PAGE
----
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My Answers to Willis Eschenbach’s 14 + 2 Questions

Repost Mr Eschenbach had not had the chance to respond to this article before the two weeks wherein comments are automatically closed have elapsed. This re-post will allow him, and others who have not yet read this article, to comment.

Over at Watts Up With That, Willis Eschenbach asked 14 + 2 questions about climatology which he wanted answered by mainstream climatologists. Walter Meier—who appears to be a sweetheart—from NSIDC took a stab at answering them.

I was asked to take a look at Eschenbach’s and Meier’s answers and then answer myself. Here we go.

Preface Question 1: Do you consider yourself an environmentalist?

Nope. Although I would rather be outdoors killing me something to eat unbothered by cell phones, car alarms, iPad-carrying hipsters, and this damn computer. I am a friend to trees, dandelions, soft rain, and fuzzy animals, especially the delicious ones. But I would never slur myself with the quasi-religious title “environmentalist.”

Nobody likes a mess, and everybody should be made to clean up after themselves, especially outdoors, With me, the people-parts of the environment comes first, and all the non-people parts are a dim second. Plus, I have sufficient confidence that mankind can solve its own problems.

Preface Question 2: What single word would you choose to describe your position on climate science

Tired. If the debate had remained among scientists about which cloud parameterization was best, how to carry through observational uncertainty in models, or on methods to quantify sensitivity to changes in solar irradiance, then life in climatology would interesting and stimulating.

But of course it hasn’t. That technical stuff still happens, but it’s buried under layers of “advocacy.” It’s got to where you can’t trust anybody.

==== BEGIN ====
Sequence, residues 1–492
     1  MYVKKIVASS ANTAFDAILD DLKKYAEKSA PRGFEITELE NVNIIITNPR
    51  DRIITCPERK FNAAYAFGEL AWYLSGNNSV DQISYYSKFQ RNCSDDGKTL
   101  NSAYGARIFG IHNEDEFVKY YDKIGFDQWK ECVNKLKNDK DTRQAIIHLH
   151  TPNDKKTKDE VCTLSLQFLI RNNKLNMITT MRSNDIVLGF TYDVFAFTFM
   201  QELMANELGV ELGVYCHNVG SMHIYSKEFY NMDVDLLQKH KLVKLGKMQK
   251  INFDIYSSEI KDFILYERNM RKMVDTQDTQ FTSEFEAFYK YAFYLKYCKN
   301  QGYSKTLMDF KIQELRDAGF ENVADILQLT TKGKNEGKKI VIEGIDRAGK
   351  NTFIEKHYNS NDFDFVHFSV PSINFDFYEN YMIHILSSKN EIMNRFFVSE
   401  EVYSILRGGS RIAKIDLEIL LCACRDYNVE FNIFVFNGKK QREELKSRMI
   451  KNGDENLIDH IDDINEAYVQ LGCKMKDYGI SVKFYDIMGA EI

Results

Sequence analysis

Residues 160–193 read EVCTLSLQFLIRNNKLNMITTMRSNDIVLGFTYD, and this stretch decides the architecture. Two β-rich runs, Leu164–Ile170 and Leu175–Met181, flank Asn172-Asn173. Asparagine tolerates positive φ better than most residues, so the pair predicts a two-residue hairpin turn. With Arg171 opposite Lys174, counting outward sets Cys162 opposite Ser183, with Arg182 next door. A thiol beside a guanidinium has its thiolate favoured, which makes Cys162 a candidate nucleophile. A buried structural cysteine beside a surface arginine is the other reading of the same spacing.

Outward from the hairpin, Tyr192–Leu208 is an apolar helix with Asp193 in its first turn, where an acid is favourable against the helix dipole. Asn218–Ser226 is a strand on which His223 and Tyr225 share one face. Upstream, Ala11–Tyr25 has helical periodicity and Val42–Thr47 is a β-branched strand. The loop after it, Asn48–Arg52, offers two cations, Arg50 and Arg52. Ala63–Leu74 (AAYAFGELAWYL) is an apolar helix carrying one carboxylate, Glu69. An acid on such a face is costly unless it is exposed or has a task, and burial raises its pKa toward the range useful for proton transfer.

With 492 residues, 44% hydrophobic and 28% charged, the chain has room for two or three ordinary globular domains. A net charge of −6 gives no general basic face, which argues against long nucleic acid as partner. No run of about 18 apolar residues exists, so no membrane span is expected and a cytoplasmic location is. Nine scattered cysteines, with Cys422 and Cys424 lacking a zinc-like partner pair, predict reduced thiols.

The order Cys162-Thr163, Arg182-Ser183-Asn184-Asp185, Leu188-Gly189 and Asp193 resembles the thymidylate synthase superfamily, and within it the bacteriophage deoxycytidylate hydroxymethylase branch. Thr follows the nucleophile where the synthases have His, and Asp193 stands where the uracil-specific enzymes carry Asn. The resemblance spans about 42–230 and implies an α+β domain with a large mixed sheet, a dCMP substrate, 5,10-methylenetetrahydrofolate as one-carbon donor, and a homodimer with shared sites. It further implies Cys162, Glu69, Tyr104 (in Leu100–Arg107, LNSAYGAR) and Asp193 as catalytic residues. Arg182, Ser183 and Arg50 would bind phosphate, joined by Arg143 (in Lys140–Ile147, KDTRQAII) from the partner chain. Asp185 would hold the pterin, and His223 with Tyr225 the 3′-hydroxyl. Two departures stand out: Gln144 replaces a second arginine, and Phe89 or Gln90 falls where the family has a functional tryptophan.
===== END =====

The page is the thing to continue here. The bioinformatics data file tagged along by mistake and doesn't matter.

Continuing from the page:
Everything is now predictable. If I hear one more “activist” or politician lecture me that “It’s worse than we thought (which is why I should be allowed to regulate your life)” I’ll scream.

Question 1. Does the earth have a preferred temperature, which is actively maintained by the climate system?

No. Not only that, but the Earth has no preferences of any kind. Only that which is aware can have preferences.

No complaining about my answer please. I understood the question; I get it. Here’s the answer you expected: Nothing in the universe has remained constant; ipso facto, nothing on Earth has, either. Its orbital parameters are constantly shifting, its heat source constantly fluctuating, its own surface constantly rearranges itself, and each brand of its living matter insists on dying, procreating, and expelling various effluvia into the dirt and air.

There is no way—as is no way—to derive any kind of equilibrium from these conditions, except that you specify all these conditions as constant. And since they are never constant, over no time period, there can be no equilibrium.

Question 2: Regarding human effects on climate, what is the null hypothesis?

Lord save us from statistics talk. It is this kind of simplistic thinking—this search for quick yeses or noes—that has caused half the problems. Lust for power and prestige and downright ignorance has caused the rest.

But, to play along: You might say that it is “mankind has no effect.” This hypothesis is immediately false (see Q1). Of course mankind has an effect; but so do ants, bees, walruses, and aardvarks. The only questions of interest are how much effect do we have, are those effects harmful or helpful, and are there ways to mitigate the harm and stimulate the help?

Question 3: What observations tend to support or reject the null hypothesis?

Go to a window and breath on it. Notice that fog? That’s all the evidence you need that you and the rest of your species affect the climate. Sure, your breath, sweet as it may be, changes things only infinitesimally, but even the smallest change falsifies the “null” of no effect.

As to what observations indicate the magnitude of your effect, I believe we all know the usual suspects. Although it wouldn’t surprise me in the least to learn that, five years from now, some heretofore unknown Molecule X or Cause Y turns out to be “more important than anybody realized.”

Question 4: Is the globe warming?

Sure it is, in places and times. It’s also cooling in other times and places. And it will go on warming and cooling heedless of anybody’s feelings.

Question 5: Are humans responsible for global warming?

Of course, partly. Just as they’re partly responsible for global cooling. I think the better word—the one that’s in the mind of all those who would rule us—is culpable. How culpable is mankind for the changes in the historically-badly-semi-observed climate?

People are hot to assign blame for inclement weather. Since there hasn’t been too much of that, they’re latching onto weak or vague promises of future inclement weather to claim that intervention—guided by them, naturally—is necessary.